Of all key duties, the maintaining macroeconomic stability while controlling inflation is vital. To ensure this objective is achievable, the government has asked all government agencies, people's committees and organizations nationwide to pull efforts to carry out their assigned tasks at a high level.

Also, the government has asked the State Bank of Viet Nam to work closely with ministries and central and local government agencies to come up with proactive monetary and fiscal policies to put inflation under the control and stabilize the macro economy so that Viet Nam will achieve a rational economic development growth.

Especially, as Vietnam comes out of lockdown and attempts to recover its economy, the government issued Resolution 84/NQ-CP (Resolution 84) unveiling a number of incentives for businesses affected by the pandemic. The Resolution includes the reduction of certain fees, as well as the easing of various regulations related to trade, industries, and foreign employees.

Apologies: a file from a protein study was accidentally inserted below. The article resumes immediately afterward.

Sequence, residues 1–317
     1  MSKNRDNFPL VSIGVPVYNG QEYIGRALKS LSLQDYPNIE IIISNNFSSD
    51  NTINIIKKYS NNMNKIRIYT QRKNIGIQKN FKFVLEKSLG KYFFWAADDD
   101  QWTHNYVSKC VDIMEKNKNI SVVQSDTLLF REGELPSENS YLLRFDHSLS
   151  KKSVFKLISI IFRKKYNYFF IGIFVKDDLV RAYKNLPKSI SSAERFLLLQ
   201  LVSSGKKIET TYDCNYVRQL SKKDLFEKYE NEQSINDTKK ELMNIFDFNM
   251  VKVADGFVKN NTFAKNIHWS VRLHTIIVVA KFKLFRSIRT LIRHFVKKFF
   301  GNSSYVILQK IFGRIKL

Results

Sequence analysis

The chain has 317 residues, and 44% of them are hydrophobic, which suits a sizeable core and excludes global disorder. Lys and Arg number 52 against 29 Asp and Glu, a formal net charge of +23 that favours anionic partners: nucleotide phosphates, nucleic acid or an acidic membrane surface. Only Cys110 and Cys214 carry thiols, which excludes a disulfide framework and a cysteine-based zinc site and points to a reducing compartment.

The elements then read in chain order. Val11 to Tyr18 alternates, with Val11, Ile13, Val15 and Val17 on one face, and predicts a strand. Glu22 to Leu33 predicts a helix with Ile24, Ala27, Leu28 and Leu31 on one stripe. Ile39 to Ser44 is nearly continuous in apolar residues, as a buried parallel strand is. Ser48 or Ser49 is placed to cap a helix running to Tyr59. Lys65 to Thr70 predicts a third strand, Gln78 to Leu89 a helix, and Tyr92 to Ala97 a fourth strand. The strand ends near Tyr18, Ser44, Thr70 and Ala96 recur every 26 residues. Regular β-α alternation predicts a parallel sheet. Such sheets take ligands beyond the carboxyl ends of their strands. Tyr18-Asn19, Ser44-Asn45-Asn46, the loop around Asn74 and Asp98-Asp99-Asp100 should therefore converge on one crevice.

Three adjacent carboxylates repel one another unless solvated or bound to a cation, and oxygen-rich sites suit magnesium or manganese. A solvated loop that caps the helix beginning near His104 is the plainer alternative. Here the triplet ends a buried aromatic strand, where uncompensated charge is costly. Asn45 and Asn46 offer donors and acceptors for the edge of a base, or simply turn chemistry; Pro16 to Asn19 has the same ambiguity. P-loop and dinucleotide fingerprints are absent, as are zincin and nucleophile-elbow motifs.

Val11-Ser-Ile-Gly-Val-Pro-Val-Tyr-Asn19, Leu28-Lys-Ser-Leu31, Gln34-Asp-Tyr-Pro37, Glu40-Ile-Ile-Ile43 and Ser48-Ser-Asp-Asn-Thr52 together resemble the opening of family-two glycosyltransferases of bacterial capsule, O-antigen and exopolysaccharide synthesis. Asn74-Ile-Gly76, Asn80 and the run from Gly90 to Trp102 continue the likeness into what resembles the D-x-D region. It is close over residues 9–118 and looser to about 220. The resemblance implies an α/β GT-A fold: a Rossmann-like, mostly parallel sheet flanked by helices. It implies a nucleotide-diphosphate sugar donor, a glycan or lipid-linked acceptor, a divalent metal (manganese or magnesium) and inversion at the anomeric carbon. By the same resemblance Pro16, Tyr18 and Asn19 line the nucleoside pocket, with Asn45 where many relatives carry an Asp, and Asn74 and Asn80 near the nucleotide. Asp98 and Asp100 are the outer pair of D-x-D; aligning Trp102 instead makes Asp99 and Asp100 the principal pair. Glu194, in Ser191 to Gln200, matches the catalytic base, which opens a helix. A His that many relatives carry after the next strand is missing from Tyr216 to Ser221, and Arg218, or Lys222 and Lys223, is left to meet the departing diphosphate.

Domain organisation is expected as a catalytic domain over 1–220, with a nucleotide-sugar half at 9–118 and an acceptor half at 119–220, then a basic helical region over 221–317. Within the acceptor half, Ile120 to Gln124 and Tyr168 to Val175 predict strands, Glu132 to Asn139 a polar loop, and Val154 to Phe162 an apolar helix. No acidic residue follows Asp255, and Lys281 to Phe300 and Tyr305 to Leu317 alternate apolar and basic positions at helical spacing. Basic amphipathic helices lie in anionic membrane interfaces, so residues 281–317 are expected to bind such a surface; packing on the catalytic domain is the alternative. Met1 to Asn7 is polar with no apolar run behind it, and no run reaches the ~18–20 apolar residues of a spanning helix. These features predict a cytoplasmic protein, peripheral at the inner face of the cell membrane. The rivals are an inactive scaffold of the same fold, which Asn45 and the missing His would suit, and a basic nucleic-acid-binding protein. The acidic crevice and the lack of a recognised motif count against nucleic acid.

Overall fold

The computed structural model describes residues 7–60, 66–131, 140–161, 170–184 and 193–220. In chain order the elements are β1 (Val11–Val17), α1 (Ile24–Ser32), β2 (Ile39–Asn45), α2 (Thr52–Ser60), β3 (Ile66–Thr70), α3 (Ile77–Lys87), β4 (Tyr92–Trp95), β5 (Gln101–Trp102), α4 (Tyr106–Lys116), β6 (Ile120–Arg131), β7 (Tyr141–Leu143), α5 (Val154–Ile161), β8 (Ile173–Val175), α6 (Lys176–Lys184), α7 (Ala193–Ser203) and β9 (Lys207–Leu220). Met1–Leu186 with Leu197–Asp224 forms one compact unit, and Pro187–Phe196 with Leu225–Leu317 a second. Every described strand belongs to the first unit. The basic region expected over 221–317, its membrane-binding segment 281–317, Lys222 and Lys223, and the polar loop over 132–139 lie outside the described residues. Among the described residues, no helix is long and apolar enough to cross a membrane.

10. Success Stories

1. Unilever Vietnam has built up a sterling reputation in Vietnam for its quality consumer goods, the high number of jobs it creates here, and by making a considerable contribution towards the country’s economic growth over the past two decades.

Unilever Vietnam takes great pride in the close and mutually beneficial relationship. It has established commercial relationship with small and medium enterprises (SMEs) over the past few years. Almost 2,000 local SMEs have been working with the company in its supply chain, from raw material suppliers to packaging material producers, to service providers. This expansive supply chain has culminated in over 15,000 jobs throughout the country.